ENGLEWOOD, Colo. – Two stories stand tallest of all for the Broncos this week.
The first is the surgery Von Miller underwent Tuesday to repair torn ligaments in his thumb; he has yet to practice this week, but will be re-evaluated before Friday.
The second is the one that will stand whether Miller plays or not: how will the Broncos handle the role of being the hunted, rather than the hunter?
They haven’t been in this situation since Week 15 of the 2009 season, when they had an 8-5 record heading into a home game against the Oakland Raiders and control of their own playoff fate. But they lost that game to a JaMarcus Russell-led comeback for their second successive defeat; by the time they stopped tumbling 12 months later, they’d lost 15 of 18 games.
Two weeks after that loss, the 8-7 Broncos were drilled 44-24 by the 3-12 Chiefs. In the 27 games that followed, the Broncos had the better record going into just three of them — and never had more than a one-game advantage.
They have a four-game advantage on the 2-9 Vikings. Of course, the Vikings also have a 1-6 record in games decided by a touchdown or less; even a 4-3 mark in those games would place them at 5-6, and not even the most optimistic Broncos fan would consider Sunday’s game a slam dunk. Further, the Vikings’ home defeats are by a combined 19 points.
Minnesota’s record would indicate they’re miles from contention; their play through most of the season doesn’t reflect that notion — and the Broncos know it.
“Oh, man, it’s the NFL. Every week there’s a battle,” said linebacker Mario Haggan. “You’ve got a guy with the name of Adrian Peterson, Percy Harvin, you’ve got an up-and-coming guy, Chrstian Ponder. Those guys can make plays. Jared Allen is (second) in the league in sacks. Those guys will be ready.”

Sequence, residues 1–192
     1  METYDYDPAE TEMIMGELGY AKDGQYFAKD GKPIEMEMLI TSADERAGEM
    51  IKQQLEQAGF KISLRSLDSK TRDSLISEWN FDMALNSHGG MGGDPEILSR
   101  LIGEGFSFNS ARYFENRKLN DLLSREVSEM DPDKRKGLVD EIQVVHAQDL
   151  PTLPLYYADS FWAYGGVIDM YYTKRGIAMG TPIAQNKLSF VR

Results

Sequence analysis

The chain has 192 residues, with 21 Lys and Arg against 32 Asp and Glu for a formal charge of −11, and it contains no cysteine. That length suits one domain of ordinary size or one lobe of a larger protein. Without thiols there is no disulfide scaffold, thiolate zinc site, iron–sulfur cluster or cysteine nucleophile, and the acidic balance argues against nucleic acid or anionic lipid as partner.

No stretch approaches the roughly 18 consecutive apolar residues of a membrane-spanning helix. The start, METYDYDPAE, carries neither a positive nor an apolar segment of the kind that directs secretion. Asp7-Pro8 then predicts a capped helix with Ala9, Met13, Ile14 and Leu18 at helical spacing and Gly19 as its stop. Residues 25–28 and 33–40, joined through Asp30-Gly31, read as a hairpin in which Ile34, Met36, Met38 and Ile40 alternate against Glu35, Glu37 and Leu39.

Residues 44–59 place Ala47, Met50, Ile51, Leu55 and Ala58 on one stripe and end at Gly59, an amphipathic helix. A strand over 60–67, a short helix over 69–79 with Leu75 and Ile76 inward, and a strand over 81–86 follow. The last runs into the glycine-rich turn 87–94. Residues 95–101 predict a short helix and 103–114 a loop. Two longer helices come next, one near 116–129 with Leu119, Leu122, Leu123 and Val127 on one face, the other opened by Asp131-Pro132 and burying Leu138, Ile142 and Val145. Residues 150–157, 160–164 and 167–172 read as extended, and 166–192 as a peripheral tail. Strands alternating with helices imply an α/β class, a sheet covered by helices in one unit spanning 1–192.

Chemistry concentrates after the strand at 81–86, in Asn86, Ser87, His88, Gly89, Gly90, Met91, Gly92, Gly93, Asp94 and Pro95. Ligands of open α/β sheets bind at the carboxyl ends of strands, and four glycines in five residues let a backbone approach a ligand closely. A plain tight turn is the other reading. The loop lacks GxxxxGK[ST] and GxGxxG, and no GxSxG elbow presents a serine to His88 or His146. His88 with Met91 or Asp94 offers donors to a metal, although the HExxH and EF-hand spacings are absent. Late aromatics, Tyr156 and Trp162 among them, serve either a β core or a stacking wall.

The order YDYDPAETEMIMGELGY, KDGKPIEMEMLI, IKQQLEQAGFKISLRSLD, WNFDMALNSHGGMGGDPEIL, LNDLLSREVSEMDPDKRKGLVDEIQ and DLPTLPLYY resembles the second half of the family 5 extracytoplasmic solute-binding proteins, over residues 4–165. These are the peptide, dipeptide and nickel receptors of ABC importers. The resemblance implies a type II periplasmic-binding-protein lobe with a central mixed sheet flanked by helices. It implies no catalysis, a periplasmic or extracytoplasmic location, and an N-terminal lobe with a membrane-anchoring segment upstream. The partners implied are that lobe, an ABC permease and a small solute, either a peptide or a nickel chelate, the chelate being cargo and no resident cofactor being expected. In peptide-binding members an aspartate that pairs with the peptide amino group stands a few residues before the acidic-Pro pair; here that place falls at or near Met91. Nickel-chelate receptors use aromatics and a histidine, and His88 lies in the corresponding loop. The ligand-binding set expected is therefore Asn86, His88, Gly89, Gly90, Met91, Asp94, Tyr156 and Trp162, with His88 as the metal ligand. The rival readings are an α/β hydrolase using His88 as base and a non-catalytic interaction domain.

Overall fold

The last two years, opponents with realistic playoff aspirations uttered the same types of comments about the Broncos, who were nationally unheralded — and deservedly so, thanks to their poor record from the end of 2009 through the first five weeks of this season.
But within the Broncos’ locker room, their perception of themselves earlier this year wasn’t entirely different than it is now.
“We expected to win earlier. I know other people didn’t expect us to win, but we expected to win, so when those things don’t happen, you get upset,” safety Brian Dawkins said.
“I think the thing that we did as a team is we continued to come together in the midst of all that turmoil, so now we are continuing to lean on one another. We’re not leaning on the outside or what other people are saying about us. When the times were down, they were saying down things about us, and now the times are good.”
But with that comes another set of perils.
“Coach always told me to be careful of the smoke when you’re on fire, so we’re not worried about the smoke,” Dawkins said. “The smoke does not drive us. We’re going to continue to go out and play for one another.”